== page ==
The government sharply raised its estimate of February retail sales, saying they rose 0.5%, instead of the previously reported 0.1%.
"It was a decent report, especially when you take into account the revisions," said Haseeb Ahmed an economist with J.P. Morgan Chase & Co. "It basically points to a consumer that is doing OK."
The latest numbers on consumer spending indicate that personal-consumption expenditures are growing at a rate of about 3%, slower than the 4.8% rate recorded in the first quarter of 2006.
Consumer spending, which accounts for about 70% of U.S. economic activity, has taken on greater importance in recent months because it is one of the economy's few remaining areas of strength. The decline in housing construction has taken a huge bite out of the economy over the past year and rising foreclosures are also expected to hurt economic growth.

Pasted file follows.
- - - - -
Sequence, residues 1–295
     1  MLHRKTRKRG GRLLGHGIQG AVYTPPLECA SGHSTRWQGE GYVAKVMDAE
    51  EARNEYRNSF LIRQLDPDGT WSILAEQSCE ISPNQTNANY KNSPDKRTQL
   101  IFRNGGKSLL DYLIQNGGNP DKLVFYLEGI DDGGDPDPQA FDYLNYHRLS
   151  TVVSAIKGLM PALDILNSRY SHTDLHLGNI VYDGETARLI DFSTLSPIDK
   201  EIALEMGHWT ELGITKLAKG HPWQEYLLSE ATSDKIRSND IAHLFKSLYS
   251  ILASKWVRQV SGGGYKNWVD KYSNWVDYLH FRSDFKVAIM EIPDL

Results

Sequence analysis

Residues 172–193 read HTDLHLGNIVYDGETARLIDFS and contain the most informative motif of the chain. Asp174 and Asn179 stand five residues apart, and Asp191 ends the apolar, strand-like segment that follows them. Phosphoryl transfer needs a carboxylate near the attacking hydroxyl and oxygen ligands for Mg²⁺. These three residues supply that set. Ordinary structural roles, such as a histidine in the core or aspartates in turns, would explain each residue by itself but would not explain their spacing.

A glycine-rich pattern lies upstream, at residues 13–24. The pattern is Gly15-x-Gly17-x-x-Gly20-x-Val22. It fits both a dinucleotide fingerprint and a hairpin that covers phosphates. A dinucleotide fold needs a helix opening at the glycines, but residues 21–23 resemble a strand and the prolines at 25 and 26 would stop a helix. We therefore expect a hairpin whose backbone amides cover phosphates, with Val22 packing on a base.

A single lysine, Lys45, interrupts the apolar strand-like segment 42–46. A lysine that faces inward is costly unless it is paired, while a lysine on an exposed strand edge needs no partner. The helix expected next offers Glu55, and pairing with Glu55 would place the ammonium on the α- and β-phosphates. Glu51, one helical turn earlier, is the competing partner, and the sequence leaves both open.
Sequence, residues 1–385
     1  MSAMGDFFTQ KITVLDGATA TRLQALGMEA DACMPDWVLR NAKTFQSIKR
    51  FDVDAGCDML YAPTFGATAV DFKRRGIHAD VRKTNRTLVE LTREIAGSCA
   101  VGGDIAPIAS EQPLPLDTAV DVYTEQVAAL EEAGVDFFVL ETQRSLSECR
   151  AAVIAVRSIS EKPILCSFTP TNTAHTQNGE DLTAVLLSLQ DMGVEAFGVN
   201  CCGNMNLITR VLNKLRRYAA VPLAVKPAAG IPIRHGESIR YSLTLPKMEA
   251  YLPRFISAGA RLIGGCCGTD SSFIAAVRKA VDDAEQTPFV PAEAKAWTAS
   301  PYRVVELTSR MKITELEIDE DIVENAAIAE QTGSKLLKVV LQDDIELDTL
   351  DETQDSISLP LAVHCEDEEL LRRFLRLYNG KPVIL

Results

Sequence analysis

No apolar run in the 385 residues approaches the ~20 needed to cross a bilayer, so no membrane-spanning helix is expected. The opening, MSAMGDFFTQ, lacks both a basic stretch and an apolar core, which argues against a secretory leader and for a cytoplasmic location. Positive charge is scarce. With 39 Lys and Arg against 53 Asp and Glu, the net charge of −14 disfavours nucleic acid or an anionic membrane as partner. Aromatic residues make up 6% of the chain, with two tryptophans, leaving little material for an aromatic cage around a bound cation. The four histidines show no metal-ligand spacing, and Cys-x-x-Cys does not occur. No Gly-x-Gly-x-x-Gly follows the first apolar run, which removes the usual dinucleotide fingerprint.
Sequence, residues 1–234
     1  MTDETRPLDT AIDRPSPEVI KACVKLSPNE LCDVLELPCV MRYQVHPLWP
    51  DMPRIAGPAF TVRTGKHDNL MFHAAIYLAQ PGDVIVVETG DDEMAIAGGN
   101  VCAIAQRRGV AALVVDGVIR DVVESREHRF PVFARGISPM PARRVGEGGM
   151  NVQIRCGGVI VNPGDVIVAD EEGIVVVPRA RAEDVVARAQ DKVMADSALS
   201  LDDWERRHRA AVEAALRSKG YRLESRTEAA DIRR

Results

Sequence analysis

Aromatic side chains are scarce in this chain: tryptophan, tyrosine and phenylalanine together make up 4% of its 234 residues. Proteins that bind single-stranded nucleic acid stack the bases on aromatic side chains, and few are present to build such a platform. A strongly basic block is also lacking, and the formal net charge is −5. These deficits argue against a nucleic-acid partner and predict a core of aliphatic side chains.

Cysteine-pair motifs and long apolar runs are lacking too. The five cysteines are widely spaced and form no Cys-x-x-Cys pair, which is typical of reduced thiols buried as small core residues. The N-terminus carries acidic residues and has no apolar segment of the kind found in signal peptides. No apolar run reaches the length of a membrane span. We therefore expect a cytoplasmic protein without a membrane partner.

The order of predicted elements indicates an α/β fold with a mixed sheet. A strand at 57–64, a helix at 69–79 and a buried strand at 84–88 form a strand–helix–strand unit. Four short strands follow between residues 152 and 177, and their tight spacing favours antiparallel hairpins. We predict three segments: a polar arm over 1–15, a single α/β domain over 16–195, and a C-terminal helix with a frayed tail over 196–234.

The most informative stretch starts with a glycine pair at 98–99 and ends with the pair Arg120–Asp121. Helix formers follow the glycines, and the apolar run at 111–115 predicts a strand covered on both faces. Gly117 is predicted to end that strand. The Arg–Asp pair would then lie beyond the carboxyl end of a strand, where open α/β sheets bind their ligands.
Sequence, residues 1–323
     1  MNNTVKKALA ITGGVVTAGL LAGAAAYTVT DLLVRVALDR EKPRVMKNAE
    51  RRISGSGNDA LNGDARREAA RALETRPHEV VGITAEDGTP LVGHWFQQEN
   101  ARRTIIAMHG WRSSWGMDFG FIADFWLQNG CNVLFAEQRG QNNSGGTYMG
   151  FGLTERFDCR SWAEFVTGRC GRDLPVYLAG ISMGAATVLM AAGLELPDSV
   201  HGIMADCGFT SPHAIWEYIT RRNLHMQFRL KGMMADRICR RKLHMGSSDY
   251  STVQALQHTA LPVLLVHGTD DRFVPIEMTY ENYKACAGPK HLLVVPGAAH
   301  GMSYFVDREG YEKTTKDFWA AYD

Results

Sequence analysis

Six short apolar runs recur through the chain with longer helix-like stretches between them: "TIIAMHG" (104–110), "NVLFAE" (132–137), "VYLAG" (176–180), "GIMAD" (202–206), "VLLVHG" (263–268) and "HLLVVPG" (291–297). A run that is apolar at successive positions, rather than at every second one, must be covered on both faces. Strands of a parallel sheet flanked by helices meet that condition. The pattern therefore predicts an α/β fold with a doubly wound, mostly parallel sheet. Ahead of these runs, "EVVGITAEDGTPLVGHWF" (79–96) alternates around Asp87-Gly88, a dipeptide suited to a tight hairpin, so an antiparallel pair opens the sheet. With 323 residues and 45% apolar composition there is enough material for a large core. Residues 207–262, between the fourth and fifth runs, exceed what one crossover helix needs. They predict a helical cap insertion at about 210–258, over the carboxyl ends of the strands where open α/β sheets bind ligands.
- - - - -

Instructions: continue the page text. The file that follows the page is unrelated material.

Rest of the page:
Here are two charts from the Wall Street Journal. Let's look at them in a bit more detail.
I have drawn a fairly arbitrary line on this graph of retail sales that separates two growth trends. Section A has a strong upward movement and is a very strong trend. While section B is also moving upwards, notice the slope is less steep, indicating growth is weakening a bit.
Here is a chart from IBD that shows the change in the slope
This next chart shows the impact of that less steep slope:
The last few months could be a slight reprieve from the downtrend or the start of a new uptrend. We won't for a few months.
What's keeping consumer spending going is employment and wage growth.
"Consumers may not be happy with high energy prices right now, or weakness in the housing market. But as long as the job situation is still really good they have the income to spend and they're spending it," said Gary Thayer, chief economist at A.G. Edwards.
But when talking about job growth, remember this chart:
The job market is a lagging indicator. And this chart indicates employers act quickly when trouble emerges.